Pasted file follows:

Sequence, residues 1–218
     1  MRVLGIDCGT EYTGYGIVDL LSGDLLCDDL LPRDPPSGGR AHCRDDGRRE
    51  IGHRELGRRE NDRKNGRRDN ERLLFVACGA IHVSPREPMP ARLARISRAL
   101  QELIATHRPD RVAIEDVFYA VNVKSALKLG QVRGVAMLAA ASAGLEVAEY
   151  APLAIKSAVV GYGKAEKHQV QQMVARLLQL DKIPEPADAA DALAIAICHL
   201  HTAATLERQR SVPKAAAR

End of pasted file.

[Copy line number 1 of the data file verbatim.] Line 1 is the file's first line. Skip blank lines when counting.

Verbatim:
Sequence, residues 1–218